Wednesday, May 13, 2009

Tougher times see churches increase attendance

Church flocks are growing as people search for a deeper meaning during the recession.

There's a renewed interest; people are looking for a way forward.

"Instead of consumerism and individualism, which has really consumed us in these last decades, people have been shown the result of all that is to reap this whirlwind around the world and they are looking for something better.

"It's extraordinarily encouraging really."

The church stood for values of community and responsibility and was becoming more confident about communicating that message.

Christmas and Easter were usually quiet times for churches as families went away on holiday, but with budgets tightening many were choosing to stay at home.

There's some indication that people are participating more fully in the life of churches, reconnecting to the churches.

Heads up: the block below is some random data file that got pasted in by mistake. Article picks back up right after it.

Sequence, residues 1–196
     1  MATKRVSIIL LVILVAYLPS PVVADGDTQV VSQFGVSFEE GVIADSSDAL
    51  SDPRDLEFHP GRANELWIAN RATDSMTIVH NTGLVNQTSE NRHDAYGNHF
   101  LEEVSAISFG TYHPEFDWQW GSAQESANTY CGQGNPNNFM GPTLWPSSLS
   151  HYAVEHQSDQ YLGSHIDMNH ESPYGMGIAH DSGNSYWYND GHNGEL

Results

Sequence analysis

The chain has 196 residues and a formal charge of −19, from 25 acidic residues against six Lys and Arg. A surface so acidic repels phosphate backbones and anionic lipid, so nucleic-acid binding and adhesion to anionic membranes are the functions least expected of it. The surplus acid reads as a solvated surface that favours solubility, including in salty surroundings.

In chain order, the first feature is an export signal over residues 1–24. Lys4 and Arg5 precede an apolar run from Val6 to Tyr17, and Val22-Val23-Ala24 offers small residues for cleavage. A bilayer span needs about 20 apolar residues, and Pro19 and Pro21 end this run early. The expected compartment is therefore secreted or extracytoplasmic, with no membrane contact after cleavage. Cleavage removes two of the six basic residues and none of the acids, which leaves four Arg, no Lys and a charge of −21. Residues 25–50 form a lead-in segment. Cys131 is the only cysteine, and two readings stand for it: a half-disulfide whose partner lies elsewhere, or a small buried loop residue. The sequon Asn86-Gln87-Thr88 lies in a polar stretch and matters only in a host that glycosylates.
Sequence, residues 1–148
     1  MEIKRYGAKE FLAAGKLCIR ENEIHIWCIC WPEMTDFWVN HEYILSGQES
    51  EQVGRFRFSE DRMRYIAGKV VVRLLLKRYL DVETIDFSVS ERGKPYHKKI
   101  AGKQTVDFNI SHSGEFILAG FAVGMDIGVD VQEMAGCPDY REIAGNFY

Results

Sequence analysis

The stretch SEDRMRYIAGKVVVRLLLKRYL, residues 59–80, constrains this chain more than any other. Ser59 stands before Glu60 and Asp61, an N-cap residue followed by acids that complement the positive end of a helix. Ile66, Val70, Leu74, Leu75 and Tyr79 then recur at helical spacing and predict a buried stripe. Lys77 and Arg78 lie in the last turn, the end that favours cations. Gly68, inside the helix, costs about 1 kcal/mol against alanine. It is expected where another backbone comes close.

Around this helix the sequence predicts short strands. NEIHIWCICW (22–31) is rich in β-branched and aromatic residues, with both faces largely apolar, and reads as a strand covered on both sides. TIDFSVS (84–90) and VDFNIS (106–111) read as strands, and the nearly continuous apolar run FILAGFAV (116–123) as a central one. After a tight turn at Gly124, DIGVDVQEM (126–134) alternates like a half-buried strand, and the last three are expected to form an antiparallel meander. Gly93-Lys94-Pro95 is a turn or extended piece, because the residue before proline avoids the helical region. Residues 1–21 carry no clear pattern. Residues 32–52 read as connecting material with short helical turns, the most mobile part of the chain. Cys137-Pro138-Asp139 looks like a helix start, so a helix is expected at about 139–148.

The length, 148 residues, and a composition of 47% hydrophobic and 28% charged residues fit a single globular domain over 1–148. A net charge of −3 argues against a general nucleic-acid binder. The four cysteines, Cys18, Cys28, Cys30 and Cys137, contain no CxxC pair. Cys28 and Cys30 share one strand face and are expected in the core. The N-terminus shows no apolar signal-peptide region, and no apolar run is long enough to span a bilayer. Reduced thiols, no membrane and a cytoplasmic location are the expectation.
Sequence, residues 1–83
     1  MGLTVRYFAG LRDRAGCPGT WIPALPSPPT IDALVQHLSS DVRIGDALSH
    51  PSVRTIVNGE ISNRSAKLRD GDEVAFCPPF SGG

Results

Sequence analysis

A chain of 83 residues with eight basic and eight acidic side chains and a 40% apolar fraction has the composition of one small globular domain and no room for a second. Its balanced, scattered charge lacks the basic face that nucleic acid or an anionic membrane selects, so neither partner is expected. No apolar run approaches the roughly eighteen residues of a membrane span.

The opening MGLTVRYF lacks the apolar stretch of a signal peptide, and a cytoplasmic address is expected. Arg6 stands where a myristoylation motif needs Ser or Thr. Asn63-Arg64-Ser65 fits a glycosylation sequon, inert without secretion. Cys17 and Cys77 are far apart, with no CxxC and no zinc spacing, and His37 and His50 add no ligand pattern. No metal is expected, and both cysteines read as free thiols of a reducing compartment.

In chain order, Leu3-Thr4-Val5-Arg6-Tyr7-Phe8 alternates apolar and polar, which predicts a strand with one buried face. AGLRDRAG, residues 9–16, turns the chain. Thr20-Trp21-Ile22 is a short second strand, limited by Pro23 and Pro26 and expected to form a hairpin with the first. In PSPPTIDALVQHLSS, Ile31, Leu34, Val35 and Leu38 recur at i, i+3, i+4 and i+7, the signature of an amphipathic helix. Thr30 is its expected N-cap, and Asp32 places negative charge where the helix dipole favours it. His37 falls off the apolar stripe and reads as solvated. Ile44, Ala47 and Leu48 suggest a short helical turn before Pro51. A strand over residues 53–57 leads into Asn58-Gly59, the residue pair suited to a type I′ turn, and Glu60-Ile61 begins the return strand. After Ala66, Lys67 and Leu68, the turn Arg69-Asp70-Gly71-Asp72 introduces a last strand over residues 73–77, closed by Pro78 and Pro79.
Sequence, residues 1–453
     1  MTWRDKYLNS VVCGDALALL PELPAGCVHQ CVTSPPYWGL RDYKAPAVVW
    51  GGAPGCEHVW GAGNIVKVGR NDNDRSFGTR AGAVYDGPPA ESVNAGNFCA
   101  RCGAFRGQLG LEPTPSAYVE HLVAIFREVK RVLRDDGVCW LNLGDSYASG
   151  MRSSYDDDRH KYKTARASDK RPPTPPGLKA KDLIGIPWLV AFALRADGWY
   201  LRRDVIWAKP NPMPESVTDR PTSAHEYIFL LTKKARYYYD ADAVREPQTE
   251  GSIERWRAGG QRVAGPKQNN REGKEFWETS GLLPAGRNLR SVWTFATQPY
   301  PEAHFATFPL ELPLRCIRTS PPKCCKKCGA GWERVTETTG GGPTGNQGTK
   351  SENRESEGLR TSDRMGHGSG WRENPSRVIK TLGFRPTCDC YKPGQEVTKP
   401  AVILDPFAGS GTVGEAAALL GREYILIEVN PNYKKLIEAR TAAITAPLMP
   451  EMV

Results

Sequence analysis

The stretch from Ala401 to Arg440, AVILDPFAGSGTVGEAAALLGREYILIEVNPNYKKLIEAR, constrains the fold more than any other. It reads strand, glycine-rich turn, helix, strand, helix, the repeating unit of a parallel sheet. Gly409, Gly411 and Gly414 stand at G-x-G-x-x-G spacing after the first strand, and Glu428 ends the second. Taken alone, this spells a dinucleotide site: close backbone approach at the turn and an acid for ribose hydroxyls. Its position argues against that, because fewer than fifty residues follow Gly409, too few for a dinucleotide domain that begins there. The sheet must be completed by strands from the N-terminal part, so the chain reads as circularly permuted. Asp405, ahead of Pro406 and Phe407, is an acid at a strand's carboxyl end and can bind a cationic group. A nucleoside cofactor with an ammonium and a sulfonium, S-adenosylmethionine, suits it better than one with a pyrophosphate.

"During times of change people often take time to rethink their priorities and engagements with the community and values."

People were also getting more involved in free church activities and programmes.

In vulnerable areas where many people relied on industries that had closed down, churches were having to significantly increase their pastoral support.

Father John O'Connor, of Our Lady of Victories Catholic church in Christchurch, said Easter had been a "wonderful" time for newcomers as people realised there must be more to life. "Times of hardship wake people up," he said.

Fellow Catholic Father Ray Schmack said numbers at his Holy Cross Chapel in Chancery Lane had been increasing.

"People are disillusioned by materialism, but it's bigger than the recession."

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